He also referred to his judgment in the case of Benfield Construction Ltd v Trudson Ltd [2008] EWHC 2333 (TCC) where he had observed: 

“[57]  …adjudication is supposed to be a quick one-off event; it should not be allowed to become a process by which a series of decisions by different people can be sought every time a new issue or a new way of putting a case occurs to one or other of the contracting parties.”

He makes a good point.  He noted that the statutory limitation to the referral of a single dispute to adjudication was ameliorated by the decision in the case of Fastrack Contractors Ltd v Morrison Construction Ltd (2000) 75 Con LT at [20] which held that a single dispute could be made up of many claims.  However, and as in this case, from time to time the Court has had to consider what actually makes up an adjudicator’s decision.  This could include what the adjudicator did or did not do, as in the case of Hyder Consulting (UK) Ltd v Carillion Construction Ltd [2011] EWHC 1810 (TCC) where Edwards-Stuart J explained that the adjudicator’s decision included not only the actual award but also “…any other finding in relation to the rights of the parties that forms an essential component of or basis for that award.”

The Sudlow judgment discusses the leading cases on the binding nature of previous decisions.  Quietfield Limited v Vascroft Construction Limited [2007] BLR 67, also a decision of the Court of Appeal, was also a case concerning applications for extension of time.  May LJ gave the main judgment and contrasted the first adjudicator’s decision, which was based on Vascroft’s claim for an extension of time based on grounds set out in in two letters, and the second referral which was a claim for an extension of time which formed the basis of Vascroft’s defence to Quietfield’s claim for liquidated damages, in which Vascroft’s case/defence relied on a lengthy document called “Appendix C”.  The second adjudicator decided that he was bound by the earlier decision and therefore did not consider Appendix C, but Jackson J [as he then was] decided that he was not bound by it.  The principles he set out were later approved by the Court of Appeal.  May LJ pointed out that because Vascroft’s Appendix C contained a number of causes of delay not previously advanced in the two letters, it was substantially different from the claims for an extension of time which were advanced, considered and rejected in the first adjudication.  Agreeing, Dyson LJ [as he then was] added that he saw no reason to construe the contractual provisions as prohibiting the contractor from relying on the same Relevant Event that he had relied on in support of the previous application for an extension of time, giving materially different particulars of the expected effects and/or a different estimate of the extent of the expected delay.  He said that there was nothing in the express language of the contract which prevented the contractor making good earlier deficiencies in a later application.  He drew an analogy with the leading cases on abuse of process and stated:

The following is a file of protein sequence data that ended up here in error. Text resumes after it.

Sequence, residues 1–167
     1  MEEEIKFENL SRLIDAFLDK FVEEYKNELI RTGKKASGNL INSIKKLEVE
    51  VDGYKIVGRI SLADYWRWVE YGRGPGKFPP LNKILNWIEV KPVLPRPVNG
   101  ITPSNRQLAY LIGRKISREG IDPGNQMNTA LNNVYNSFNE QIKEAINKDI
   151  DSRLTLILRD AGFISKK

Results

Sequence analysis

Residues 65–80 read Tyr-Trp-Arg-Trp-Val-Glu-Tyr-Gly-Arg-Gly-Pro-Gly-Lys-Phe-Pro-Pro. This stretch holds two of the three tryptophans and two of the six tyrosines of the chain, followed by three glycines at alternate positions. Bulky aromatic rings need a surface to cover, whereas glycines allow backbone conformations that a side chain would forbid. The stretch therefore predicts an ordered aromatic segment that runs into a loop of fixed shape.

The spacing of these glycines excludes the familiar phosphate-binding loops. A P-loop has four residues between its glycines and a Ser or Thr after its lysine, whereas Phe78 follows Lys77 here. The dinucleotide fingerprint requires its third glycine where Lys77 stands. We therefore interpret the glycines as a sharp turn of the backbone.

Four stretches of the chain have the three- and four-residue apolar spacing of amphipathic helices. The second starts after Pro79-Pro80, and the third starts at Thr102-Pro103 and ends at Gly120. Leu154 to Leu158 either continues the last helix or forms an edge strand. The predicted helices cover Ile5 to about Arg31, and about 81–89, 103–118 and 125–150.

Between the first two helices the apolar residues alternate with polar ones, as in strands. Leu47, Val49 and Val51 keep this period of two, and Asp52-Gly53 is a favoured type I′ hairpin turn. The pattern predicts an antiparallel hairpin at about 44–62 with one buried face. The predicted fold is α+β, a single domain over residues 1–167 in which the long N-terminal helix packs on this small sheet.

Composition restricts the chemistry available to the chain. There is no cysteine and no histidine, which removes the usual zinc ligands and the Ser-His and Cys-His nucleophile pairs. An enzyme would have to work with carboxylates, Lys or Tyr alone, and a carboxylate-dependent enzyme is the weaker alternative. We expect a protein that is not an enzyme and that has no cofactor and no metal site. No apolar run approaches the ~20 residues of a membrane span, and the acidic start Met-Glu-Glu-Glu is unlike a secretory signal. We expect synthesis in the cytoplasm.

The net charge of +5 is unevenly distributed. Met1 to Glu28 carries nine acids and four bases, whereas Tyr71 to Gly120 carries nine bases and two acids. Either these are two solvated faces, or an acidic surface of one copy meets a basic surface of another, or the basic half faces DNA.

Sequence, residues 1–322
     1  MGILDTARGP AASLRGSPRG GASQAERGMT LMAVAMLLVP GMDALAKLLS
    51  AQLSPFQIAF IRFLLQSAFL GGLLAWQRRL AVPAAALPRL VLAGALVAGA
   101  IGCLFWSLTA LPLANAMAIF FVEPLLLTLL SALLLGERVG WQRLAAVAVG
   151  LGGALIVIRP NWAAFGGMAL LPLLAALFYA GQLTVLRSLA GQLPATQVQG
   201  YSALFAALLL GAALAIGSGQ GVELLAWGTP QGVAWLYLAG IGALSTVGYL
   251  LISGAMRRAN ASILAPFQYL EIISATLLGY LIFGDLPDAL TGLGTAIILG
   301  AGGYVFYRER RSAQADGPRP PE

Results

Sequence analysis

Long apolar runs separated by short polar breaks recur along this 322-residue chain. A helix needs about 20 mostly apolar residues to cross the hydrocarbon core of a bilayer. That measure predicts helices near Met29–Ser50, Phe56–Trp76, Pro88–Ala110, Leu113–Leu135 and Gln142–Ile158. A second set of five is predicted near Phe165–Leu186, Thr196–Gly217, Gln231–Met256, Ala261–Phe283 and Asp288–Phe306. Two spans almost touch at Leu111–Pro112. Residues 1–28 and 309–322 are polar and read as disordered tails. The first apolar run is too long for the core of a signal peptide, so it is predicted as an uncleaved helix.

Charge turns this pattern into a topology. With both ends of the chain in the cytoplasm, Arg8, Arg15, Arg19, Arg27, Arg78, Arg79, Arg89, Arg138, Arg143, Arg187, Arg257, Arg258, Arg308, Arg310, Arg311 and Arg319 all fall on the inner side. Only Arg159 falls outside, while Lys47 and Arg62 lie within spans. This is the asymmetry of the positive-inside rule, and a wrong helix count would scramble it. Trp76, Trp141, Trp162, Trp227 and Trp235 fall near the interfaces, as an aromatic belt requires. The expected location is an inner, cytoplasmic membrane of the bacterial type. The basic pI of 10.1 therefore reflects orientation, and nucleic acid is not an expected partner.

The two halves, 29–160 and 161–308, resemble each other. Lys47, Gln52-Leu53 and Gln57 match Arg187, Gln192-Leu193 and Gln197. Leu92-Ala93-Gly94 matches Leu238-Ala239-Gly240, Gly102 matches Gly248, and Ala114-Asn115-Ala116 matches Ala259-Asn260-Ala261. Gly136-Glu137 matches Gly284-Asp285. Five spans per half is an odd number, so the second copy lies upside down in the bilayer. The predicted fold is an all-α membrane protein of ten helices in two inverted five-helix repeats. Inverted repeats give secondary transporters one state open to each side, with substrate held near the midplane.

“[47] Whether dispute A is substantially the same as dispute B is a question of fact and degree.  If the contractor identifies the same Relevant Event in successive applications for extensions of time, but gives different particulars of its expected effects, the differences may or may not be sufficient to lead to the conclusion that the two disputes are not substantially the same.  All the more so if the particulars of expected effects are the same, but the evidence by which the contractor seeks to prove them is different.”